This is the — the timely sign that people say “never” looks like. You know – announcing that the stock market is at an all-time low, so “Buy!”
Disclosure: The author is fully invested in actively managed US equity funds
Why the silence at such an important time? Because bottoms happen when there is widespread negativity (AKA, popularity) accompanied by dire predictions of the worst in the future. Look for the Stock Market now and torrential pessimism is clear today. Thus, the environment is one of the negatives hopping. Positives? no interest. But there is more to this lack of upside…
During these periods, professional investors (whose careers are based on performance) are rarely heard of. Instead, they focus on taking advantage of buying opportunities as they compete with other professional investors. Providing random investors with unjustified insights works against their goals.
A good example is the start of 2020 when the risks of Covid-19 first hit the stock market.
Throughout 2019 and into early 2020, the stock market has been rising. At the time of the little plunge, I wrote this positive piece (January 31):
In this bull market, there was a healthy and balanced flow of bullish and bearish commodities as the market went up. However, after two weeks, something happened that I had not seen before – the descending articles suddenly disappeared. There was no apparent reason, so I assumed the fund managers decided to sell and stop doing interviews. So, I sold everything and published this article on February 16th.
This chart shows the movements of the Dow Jones Industrial Average during this period.
A word about stock market timing
The standard advice is not to do this. The assumption is that investors who try to miss the opportunity to buy and sell are too late. Certainly, this is what happens if an investor follows media reports and popular trends (in addition to relying on sentiment about stocks).
But there is another problem. Nobody can predetermine the underlying causes and investor reactions to all major market fluctuations (or many, some, or even a few). We regularly read, “The investor who contacted [fill in the blank] says now [whatever]. “The underlying/investor-specific issues underlying each major period are unique. Therefore, past success is irrelevant because the rationale applied for one period is not carried over.
Using the example above, I clearly had no insight into Covid-19 concerns about market criticism and investor psychology - nor about Oil dropping below $0 - nor about a wave of margin calls at the bottom. Instead, I relied on a conflicting indicator reading.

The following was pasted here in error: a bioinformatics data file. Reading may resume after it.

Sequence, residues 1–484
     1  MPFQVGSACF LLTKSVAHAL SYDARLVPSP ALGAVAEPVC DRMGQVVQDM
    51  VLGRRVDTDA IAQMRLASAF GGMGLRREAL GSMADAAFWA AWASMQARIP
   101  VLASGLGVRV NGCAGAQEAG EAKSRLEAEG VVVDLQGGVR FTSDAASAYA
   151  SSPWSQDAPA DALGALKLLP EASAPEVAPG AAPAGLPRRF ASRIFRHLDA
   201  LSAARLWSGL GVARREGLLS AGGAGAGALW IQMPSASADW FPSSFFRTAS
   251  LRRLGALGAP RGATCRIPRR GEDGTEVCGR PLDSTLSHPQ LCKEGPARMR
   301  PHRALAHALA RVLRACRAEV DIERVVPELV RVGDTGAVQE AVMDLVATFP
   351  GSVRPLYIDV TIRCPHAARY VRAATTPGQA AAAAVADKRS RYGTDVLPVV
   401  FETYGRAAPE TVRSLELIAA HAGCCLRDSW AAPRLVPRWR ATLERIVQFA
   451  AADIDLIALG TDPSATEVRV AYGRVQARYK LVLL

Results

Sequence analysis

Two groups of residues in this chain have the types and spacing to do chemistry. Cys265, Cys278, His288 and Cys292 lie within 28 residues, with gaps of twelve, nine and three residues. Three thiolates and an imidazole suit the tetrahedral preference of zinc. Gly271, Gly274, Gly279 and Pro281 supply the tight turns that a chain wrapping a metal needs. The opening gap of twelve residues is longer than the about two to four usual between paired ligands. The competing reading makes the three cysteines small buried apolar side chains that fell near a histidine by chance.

Contrasting investing can be successful because there are some common characteristics that accompany dramatic trend changes. They do not specify the reasons, but can indicate excesses that cannot be supported. Excessive optimism (fads) and excessive pessimism (fear) are reliable indicators of market tops and bottoms. Both can apply to the stock market in general and any of its components or investment subjects. And this is where conflicting investing can really pay off. Just don't call it market timing. Instead, consider it opportunistic timing, in which the potential return and risk are 'optimized'.
Bottom line: "Optimization" today means having actively managed equity funds
Stock picking can be rewarding and fun. However, the period we entered has unusual characteristics compared to previous periods of growth and bull markets. Therefore, choosing a variety of specialist fund managers, each taking a different approach, seems to be the best investment strategy - at least at the initial stage. Choosing a special position here and there is certainly acceptable, but having mental strength, experience and breadth of research should improve return/risk characteristics - and allow for better sleep.
Another thing about actively managed funds. They are in the minority at the moment as investors have a strong belief that funds with low fees and negative indices always win. The changing environment we experience, where eclecticism is key, can cause a dramatic reversal. If, as in the past, when investors switch from passive to active, the shares held by active managers will benefit from positive cash flow. Naturally, this improves the performance of actively managed funds - and so the cycle continues.